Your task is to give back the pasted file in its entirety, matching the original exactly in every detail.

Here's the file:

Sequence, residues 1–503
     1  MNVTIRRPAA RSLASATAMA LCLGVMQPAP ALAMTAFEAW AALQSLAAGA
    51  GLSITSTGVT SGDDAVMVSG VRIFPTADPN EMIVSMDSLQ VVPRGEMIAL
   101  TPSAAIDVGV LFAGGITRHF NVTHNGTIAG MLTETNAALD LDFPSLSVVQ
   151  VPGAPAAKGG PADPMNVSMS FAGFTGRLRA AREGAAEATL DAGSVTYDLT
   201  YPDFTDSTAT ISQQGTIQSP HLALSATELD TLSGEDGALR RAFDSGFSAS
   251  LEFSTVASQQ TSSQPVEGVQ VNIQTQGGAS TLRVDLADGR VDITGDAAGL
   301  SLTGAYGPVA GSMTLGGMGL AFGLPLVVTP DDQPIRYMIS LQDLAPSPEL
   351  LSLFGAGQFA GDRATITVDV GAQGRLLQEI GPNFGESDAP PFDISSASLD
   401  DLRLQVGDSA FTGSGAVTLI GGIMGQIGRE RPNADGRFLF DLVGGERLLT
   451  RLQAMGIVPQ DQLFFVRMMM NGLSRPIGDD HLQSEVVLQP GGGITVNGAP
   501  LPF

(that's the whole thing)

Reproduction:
Sequence, residues 1–503
     1  MNVTIRRPAA RSLASATAMA LCLGVMQPAP ALAMTAFEAW AALQSLAAGA
    51  GLSITSTGVT SGDDAVMVSG VRIFPTADPN EMIVSMDSLQ VVPRGEMIAL
   101  TPSAAIDVGV LFAGGITRHF NVTHNGTIAG MLTETNAALD LDFPSLSVVQ
   151  VPGAPAAKGG PADPMNVSMS FAGFTGRLRA AREGAAEATL DAGSVTYDLT
   201  YPDFTDSTAT ISQQGTIQSP HLALSATELD TLSGEDGALR RAFDSGFSAS
   251  LEFSTVASQQ TSSQPVEGVQ VNIQTQGGAS TLRVDLADGR VDITGDAAGL
   301  SLTGAYGPVA GSMTLGGMGL AFGLPLVVTP DDQPIRYMIS LQDLAPSPEL
   351  LSLFGAGQFA GDRATITVDV GAQGRLLQEI GPNFGESDAP PFDISSASLD
   401  DLRLQVGDSA FTGSGAVTLI GGIMGQIGRE RPNADGRFLF DLVGGERLLT
   451  RLQAMGIVPQ DQLFFVRMMM NGLSRPIGDD HLQSEVVLQP GGGITVNGAP
   501  LPF